“We are Birch first. We are family.”

by Joycelyne Fadojutimi

            Birch Elementary School Principal Derrick Conley is a great example for his calling, and visitors are quick to note this. As soon as they arrive, he greets them like family. He strives to make relationships a priority in all aspects of his direction of his school. He sees this as the best way to ensure effective team cooperation in setting and accomplishing goals. He stresses progress over the impossible-to-attain goal of perfection. He administers through relationships, hard work and resultant growth. His efforts have seen a drastic reduction in absenteeism, and in parents becoming involved in the school’s reading program, even accompanying their children to book fairs.

            Healthy interaction also helps by fostering warm relationships between students and teachers. This emphasis also made it easier to convince parents to become involved in the critically vital subject of reading. Librarian Vanessa Reneau, Teachers Kelly Fisher, Nicole Espinoza and Reading Coach Rachael Benton came up with creative, imaginative ways to inspire students to read.

            Fisher and Espinoza moved from teaching second grade to third grade. Benton has been in the Pine Tree Independent School District since 1985, and now serves as reading coach. She is so expert at what she does that her colleagues say she can “teach a rock to read.” Struggling students who enter her class soon read as fluently as her and love it. But that is not all.

            Birch Elementary hosts reading competitions. Winning classes only get to keep the trophy as long as they remain the winning classes. If another class passes them, the trophy goes to the new champs. This means that all participating classes must keep improving. The emphasis on literacy does not end here, either.

            The school has a treasure chest. Young scholars who correctly answer Word of the Week are permitted to open the chest and select a prize. In addition, classes winning the most reading points are treated to a party. These incentives impress on students the rewards that come from hard work. The joys of reading quickly take root.

            Students are seen reading while waiting in lines and at most other opportunities both in school and at home. Conley sees this as progress and growth. A whopping 80% to 90% of his pupils are voluntarily reading books, keeping the librarian very busy.

            Fisher says the lovely relationships, rewards and events are reasons students love Birch Elementary. Rewards/celebrations resulting even from small accomplishments boost progress toward Conley’s signature objective–growth. Growth, in all amounts, builds confidence. Conley believes elementary students are still too young to appreciate the importance of reading as being essential for successful futures and leading them to see this is key.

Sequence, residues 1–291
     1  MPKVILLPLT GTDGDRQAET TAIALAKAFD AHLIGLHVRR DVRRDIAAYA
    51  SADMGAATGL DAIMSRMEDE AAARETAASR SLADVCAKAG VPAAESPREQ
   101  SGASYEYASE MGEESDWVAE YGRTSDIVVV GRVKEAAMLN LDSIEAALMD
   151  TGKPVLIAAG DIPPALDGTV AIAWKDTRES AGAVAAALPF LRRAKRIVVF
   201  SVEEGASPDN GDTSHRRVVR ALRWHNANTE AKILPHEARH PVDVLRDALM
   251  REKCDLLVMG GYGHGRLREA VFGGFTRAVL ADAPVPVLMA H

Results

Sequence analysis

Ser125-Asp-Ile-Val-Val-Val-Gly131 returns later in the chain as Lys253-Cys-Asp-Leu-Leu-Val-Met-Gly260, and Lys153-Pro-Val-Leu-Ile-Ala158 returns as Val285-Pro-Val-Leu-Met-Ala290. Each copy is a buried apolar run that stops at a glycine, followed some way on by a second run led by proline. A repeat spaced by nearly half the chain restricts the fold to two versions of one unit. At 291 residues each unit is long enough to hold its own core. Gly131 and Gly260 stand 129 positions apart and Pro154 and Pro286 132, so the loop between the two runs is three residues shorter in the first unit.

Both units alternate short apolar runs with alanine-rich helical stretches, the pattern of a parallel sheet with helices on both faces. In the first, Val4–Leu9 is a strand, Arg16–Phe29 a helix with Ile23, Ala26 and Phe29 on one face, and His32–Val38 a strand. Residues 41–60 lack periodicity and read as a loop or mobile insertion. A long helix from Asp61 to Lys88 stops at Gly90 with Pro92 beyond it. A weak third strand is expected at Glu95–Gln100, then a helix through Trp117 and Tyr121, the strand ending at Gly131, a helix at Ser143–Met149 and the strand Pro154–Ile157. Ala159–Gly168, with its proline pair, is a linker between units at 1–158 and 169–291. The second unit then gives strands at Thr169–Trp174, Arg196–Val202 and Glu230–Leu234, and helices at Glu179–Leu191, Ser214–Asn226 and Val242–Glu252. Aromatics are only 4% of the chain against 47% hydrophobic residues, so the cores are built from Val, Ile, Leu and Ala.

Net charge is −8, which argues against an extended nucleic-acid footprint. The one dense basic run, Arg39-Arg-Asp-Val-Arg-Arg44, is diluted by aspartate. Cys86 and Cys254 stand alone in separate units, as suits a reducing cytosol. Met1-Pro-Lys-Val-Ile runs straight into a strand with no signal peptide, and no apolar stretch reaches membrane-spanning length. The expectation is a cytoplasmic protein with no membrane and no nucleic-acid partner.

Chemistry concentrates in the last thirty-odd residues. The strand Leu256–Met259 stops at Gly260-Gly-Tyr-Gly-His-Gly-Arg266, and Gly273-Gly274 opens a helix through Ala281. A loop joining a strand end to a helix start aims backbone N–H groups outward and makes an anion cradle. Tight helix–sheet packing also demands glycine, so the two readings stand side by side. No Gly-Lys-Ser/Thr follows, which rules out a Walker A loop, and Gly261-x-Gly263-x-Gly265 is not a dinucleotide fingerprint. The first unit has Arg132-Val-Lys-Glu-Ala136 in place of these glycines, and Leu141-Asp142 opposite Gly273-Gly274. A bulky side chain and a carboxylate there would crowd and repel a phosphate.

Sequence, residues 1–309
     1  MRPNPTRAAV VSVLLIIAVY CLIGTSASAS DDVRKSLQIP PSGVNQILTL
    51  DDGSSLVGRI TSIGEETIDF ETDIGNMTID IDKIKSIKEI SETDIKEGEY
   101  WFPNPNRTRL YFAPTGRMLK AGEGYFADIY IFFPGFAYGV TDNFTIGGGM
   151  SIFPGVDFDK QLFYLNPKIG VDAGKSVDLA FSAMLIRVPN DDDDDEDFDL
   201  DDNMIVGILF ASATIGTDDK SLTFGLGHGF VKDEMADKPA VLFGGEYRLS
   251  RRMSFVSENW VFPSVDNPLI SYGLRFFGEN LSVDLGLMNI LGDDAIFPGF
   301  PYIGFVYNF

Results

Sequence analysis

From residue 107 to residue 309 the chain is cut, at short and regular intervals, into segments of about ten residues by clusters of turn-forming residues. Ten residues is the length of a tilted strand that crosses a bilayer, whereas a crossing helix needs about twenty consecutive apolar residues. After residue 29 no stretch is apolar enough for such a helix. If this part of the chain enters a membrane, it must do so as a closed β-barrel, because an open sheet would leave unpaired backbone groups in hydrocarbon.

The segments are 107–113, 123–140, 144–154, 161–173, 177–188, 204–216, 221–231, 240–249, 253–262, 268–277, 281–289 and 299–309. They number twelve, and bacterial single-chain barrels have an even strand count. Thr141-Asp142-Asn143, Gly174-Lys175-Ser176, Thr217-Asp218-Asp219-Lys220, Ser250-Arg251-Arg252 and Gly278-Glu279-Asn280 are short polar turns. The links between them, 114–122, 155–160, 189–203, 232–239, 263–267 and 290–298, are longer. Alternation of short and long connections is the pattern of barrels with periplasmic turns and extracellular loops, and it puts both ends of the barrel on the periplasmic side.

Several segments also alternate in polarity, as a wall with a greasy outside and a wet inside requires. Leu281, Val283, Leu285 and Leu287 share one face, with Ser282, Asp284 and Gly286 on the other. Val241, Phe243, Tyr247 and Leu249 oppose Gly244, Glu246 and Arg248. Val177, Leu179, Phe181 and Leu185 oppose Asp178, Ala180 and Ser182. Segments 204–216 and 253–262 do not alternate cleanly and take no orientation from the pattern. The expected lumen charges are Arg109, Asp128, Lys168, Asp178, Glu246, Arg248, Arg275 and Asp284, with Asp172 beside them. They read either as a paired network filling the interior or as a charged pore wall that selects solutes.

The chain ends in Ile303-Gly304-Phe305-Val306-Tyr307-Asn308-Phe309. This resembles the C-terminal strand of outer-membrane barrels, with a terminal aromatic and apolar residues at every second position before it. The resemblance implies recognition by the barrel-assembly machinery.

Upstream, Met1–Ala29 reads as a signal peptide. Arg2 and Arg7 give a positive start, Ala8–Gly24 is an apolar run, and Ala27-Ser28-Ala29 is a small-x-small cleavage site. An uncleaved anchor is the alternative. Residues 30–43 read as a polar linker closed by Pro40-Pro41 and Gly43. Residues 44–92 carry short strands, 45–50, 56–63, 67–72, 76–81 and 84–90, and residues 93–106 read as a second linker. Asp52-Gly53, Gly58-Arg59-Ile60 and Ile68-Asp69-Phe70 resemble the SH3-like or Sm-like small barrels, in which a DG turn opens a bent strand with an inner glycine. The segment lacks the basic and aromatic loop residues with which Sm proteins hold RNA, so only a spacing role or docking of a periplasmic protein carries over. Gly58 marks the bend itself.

“If we build a relationship with staff and students, we can have them doing all kinds of positive things,” he said.

            This emphasis on relationships has infected every grade at Birch Elementary, leading to pupils cheering each other on in their academic quests. The school’s slogan is, “We are Birch first. We are family.”

            When Conley selects a Word of the Day, he has to make sure his students understand it. This leads to their learning a new word daily. Students are eager to tell him the Word of the Day. Recent words of the day were “denominator” and “imagery.” Thanks to their principal Birch students are among the few elementary age children to understand (much less use) such advanced terms. Still, the emphasis is not just on reading.

            A bell is rung in the cafeteria to honor students who have excelled in their studies. There is also the Story Book Parade in which the faculty recognize children who have shown growth in reading. In keeping with the emphasis on relationships, parents are invited and participate in the Book Parade.

            Conley is excited and enthusiastic about how his direction has led to students being eager to come to school and get down to learning, working and growing because he and his staff make them feel loved.

            “Our students love the teachers and Mr. Conley,” said Librarian Reneau. “They cannot wait to tell him how they love him, and he cannot wait to tell them how he loves them, too. We have great kids. All they needed was a little love.”

            Texas schools are famous (or infamous) for testing. For pupils at Birch Elementary testing is just another day in class. The work ethic they have learned means they do not have test anxiety. They even celebrate with a party on days preceding tests.

            “It is an opportunity to show what we have learned,” said Conley. “We celebrate growth before the test. For me and my staff, growth is a process, and we will close the gap with what we have put in place–love, relationship, respect, hard work, and then growth.”